I'm not sure what was more interesting; wandering around the mall trying to find surveillance or being asked why I was taking pictures and what/whom I was surveying.
It started, of course, in the parking lot. The first thing my buddy on this trek (a PhD student in Spanish) said was, "Look!" She was pointing at a security SUV, excitedly.
As a Spanish PhD, of course, she has taken lit theory courses and was familiar with Foucault, but not with the many other theorists whose work I'd been reading.
But after I explained the concept of the panopticon as a prison in which all could be seen by the guard but none could see him--at least none of the inmates--she was familiar enough to jump in when I mentioned that the guard, after a point, is no longer necessary.
Internalizing forces of power, the inmates will "police" themselves. This is an even more interesting concept to me, considering that inmates are incarcerated because in the social panopticon in which we all live, they failed to police themselves. It is not that they didn't know there were rules (I speak here in vast generalizations), but for nearly all of them, it is simply that they didn't believe they would egt caught.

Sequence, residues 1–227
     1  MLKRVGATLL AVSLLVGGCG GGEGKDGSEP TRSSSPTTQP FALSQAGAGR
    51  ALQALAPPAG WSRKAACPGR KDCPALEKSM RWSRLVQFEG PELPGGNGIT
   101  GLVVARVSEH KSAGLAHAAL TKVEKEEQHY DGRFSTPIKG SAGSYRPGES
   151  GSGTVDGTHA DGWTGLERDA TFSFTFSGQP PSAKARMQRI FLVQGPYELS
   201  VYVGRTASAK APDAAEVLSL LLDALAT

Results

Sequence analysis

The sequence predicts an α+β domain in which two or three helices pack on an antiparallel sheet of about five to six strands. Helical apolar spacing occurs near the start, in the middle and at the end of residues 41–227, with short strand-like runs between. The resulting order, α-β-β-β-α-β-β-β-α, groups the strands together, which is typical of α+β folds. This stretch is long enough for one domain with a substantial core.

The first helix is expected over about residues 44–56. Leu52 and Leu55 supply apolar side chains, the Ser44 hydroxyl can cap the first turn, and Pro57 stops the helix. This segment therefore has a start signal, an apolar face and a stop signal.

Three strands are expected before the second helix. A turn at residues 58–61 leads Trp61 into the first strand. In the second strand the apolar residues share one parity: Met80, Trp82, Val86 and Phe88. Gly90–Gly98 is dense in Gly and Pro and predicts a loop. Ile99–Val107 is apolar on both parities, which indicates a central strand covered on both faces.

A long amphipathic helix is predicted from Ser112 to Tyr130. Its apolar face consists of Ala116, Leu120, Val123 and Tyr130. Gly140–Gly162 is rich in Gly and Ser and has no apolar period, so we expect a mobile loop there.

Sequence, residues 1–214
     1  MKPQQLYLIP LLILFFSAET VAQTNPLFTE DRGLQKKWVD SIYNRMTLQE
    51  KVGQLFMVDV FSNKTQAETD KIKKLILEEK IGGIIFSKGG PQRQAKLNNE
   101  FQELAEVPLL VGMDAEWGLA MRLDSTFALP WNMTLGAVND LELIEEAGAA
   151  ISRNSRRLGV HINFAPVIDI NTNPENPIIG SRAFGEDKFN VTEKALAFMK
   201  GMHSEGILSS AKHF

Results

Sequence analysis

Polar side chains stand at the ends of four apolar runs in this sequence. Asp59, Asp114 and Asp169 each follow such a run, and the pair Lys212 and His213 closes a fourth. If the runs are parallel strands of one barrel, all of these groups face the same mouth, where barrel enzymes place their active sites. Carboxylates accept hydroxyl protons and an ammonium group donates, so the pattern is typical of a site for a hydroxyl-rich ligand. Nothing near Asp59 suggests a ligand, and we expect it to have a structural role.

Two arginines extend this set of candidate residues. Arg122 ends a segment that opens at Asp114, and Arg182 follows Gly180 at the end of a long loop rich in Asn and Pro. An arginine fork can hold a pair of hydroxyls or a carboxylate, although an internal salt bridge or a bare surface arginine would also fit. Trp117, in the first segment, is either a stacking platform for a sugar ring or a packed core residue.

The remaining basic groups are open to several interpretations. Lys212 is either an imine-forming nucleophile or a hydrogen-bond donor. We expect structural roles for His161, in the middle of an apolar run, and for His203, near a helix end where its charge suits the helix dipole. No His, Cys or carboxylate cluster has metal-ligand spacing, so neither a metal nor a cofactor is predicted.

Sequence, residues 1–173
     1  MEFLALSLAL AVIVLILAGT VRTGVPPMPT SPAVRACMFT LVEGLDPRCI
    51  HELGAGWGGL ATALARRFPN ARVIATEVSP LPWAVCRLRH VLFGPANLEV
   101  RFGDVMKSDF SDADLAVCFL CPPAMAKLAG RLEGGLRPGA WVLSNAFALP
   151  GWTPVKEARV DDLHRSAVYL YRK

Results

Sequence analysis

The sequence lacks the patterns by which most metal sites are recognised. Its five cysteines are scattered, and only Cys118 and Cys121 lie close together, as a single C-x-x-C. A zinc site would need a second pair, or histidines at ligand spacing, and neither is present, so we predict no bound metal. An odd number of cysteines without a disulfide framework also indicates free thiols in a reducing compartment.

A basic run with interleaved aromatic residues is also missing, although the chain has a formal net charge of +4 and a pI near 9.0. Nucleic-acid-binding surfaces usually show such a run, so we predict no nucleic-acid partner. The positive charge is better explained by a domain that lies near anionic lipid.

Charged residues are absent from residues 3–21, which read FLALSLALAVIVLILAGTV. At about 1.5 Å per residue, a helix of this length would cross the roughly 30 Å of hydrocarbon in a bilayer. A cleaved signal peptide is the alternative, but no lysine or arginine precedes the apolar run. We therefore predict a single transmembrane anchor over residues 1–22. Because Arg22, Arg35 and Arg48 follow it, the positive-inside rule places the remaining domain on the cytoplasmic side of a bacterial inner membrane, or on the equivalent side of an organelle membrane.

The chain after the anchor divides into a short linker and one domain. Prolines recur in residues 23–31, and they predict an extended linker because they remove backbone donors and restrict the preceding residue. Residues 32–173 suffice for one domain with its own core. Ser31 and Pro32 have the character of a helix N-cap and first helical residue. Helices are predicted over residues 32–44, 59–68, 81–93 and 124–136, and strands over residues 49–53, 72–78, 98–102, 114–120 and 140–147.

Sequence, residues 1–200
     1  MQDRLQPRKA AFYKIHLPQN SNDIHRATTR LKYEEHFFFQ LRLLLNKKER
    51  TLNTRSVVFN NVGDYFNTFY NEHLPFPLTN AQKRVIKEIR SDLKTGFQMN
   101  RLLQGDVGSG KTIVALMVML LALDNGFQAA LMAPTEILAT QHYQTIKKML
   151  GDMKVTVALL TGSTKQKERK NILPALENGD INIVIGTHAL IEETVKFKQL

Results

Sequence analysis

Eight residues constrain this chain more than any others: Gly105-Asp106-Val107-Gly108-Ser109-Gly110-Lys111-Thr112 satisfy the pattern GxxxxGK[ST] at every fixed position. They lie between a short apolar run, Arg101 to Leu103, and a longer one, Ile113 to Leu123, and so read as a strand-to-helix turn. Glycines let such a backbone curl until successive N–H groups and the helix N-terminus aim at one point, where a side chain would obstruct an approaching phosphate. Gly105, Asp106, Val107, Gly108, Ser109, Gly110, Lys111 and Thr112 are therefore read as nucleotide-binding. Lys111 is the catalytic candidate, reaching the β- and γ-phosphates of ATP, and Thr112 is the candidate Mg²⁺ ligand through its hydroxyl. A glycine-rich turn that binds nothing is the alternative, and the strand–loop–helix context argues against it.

Did they start to believe there was no guard in the tower? Which tower? Many of us are raised with several towers. We have the parent tower (yes, I still believe my mother has eyes in the back of her head and spies in whatever town I live in), the teacher tower, the other authority tower. But we also have the God tower.
The God tower is the big eye in the sky (the one pictured is a nebula called the God's Eye Nebula--thanks, NASA, just what we needed). It's the after you die, eye, for some. It's the never forget there is a power bigger than you eye, for others. For some, it's the work to become the eye. For me, the eye is not so much an eye, but my eye. I must watch and thus be watched. But does it matter? Isn't it just as much an internalization? Isn't it just as powerful?
So what of the people who don't act as the social eye in the sky tells them to? What about those who are moved from the social panopticon to the physical one?
Did they simply believe they found the corner of their cells that the guard could not see into? Or is it simply a failure to work in metaphor? If you no longer work in the metaphor of the social panopticon, you will be placed in the real thing (again, here I do not assert that prisons are built on the model of the panopticon, only that they are built on the metaphoric model to create the physical reality of surveillance).
Or did they think at all? I don't even want to answer these questions. I simply want to raise them. If you don't pay attention to the eye in the sky, the eye in the mom-head, the eye in the teacher, or the eye in the cop/judge/system you are born into, you will be watched by the eye in the tower.